There’s a post over at Soshable this week which I really think is worth sharing, precisely because it says something quite important right now about the value of sharing. The point is pretty simple – but nonetheless millions of Facebook users (and, more worryingly, Facebook programmers) have all failed to notice it, or in any case to act in solving it. What is this lurking ominous spectre of which I speak? It no less than the sordid blight of over-sharing…
The concept of over-sharing is straightforward: sharing only has value if it is in some way special – rare or personalised, and if it becomes too ubiquitous then it simply becomes spam. The problem is that Facebook apps are now generally sharing every single little detail of what you do online that the noise is deafening. In other words you’re constantly receiving hundreds of shared links, videos, info etc that they tend to lose their value (i.e. their ability to warrant your attention).
Most people start to switch off when this happens, which is a big potential problem for Facebook if their innovative Like button ceases to actually function – or rather has its functionality made irrelevant by the simple fact that Likes just get drowned out in the sea of info shared by user apps.
JD Rucker, who runs the Soshable blog, makes the obvious and pertinent point – sharing is already super easy. People are doing it a lot anyway but that doesn’t mean that they don’t make value judgements about what to share/like. Apps are not capable of making such value judgements – they just pump out the info because they can (in the hope it will benefit them).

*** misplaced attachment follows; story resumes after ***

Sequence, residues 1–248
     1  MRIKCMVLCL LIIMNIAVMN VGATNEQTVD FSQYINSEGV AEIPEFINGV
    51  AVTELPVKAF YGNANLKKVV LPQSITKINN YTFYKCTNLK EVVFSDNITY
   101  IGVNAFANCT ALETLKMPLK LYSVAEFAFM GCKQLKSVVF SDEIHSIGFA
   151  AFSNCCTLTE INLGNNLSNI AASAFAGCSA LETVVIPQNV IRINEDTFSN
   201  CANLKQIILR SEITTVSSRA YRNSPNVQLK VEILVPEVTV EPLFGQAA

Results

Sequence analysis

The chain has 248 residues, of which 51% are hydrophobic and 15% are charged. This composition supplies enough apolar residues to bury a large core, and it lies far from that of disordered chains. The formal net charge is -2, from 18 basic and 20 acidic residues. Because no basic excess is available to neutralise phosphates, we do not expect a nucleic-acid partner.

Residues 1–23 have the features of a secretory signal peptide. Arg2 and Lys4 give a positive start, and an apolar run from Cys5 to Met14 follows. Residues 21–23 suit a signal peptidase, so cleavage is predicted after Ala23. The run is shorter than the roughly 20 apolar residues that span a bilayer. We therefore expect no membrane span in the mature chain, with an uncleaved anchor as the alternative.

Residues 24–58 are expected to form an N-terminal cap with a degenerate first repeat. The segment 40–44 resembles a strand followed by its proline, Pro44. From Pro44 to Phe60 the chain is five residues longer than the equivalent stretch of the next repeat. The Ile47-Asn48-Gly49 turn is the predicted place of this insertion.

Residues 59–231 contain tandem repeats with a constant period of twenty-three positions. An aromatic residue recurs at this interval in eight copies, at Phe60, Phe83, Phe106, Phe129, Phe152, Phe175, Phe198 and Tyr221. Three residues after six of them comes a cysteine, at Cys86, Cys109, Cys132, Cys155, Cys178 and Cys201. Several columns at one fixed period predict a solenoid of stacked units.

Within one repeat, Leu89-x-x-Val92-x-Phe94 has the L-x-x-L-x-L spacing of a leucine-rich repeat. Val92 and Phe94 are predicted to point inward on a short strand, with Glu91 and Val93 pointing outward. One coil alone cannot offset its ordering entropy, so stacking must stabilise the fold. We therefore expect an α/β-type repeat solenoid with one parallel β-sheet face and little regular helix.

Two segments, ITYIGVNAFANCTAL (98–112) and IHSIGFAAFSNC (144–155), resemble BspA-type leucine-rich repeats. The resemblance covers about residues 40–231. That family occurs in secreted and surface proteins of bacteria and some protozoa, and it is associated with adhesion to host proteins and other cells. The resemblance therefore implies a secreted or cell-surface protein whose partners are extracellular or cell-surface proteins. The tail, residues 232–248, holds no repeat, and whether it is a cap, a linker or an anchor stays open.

The only solution is to remove apps which you don’t want or use in a last ditch attempt to clean up your newsfeed so that you can actually use it how you like to. In the long run though, this surely represents a challenge to Facebook (I’ve written previously on this most pressing of issues for the network – too much data) and the only real threat to user numbers by virtue of the fact that it can very directly impact upon their UI, which is a highly visible turn-off for users if it doesn’t work satisfactorily (privacy issues meanwhile tend to be more latent and only bother certain sections of users, meaning it’s unlikely the company could shoot itself in the foot as badly in this department).
Ultimately though, the end result might be that users really evaluate a little more thoroughly which apps they want to install (just like they should evaluate which friends they want to add) and this might overall reduce the volume of spam on the network if the bar for app success gets raised that little bit higher.
The only way this will happen though is if users realise the need to de-clutter their apps before they simply decide to use Facebook less because they enjoy the experience less than they used to – but aren’t quite sure why (since not everyone is likely to figure out that over-sharing is the problem).